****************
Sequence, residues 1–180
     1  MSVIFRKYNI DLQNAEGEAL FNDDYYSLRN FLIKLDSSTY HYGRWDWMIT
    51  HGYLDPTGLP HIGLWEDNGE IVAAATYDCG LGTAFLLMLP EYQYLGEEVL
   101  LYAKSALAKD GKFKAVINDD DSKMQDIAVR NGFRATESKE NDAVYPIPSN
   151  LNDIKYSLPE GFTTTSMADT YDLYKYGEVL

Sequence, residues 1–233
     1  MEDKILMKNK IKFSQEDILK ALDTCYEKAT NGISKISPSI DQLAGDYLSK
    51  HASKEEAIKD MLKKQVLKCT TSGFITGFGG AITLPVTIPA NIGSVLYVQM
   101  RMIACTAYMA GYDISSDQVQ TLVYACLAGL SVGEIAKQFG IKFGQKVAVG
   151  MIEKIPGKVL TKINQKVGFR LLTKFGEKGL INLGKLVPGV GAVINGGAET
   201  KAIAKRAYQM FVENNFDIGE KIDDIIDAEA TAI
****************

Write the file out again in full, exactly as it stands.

Sequence, residues 1–180
     1  MSVIFRKYNI DLQNAEGEAL FNDDYYSLRN FLIKLDSSTY HYGRWDWMIT
    51  HGYLDPTGLP HIGLWEDNGE IVAAATYDCG LGTAFLLMLP EYQYLGEEVL
   101  LYAKSALAKD GKFKAVINDD DSKMQDIAVR NGFRATESKE NDAVYPIPSN
   151  LNDIKYSLPE GFTTTSMADT YDLYKYGEVL

Sequence, residues 1–233
     1  MEDKILMKNK IKFSQEDILK ALDTCYEKAT NGISKISPSI DQLAGDYLSK
    51  HASKEEAIKD MLKKQVLKCT TSGFITGFGG AITLPVTIPA NIGSVLYVQM
   101  RMIACTAYMA GYDISSDQVQ TLVYACLAGL SVGEIAKQFG IKFGQKVAVG
   151  MIEKIPGKVL TKINQKVGFR LLTKFGEKGL INLGKLVPGV GAVINGGAET
   201  KAIAKRAYQM FVENNFDIGE KIDDIIDAEA TAI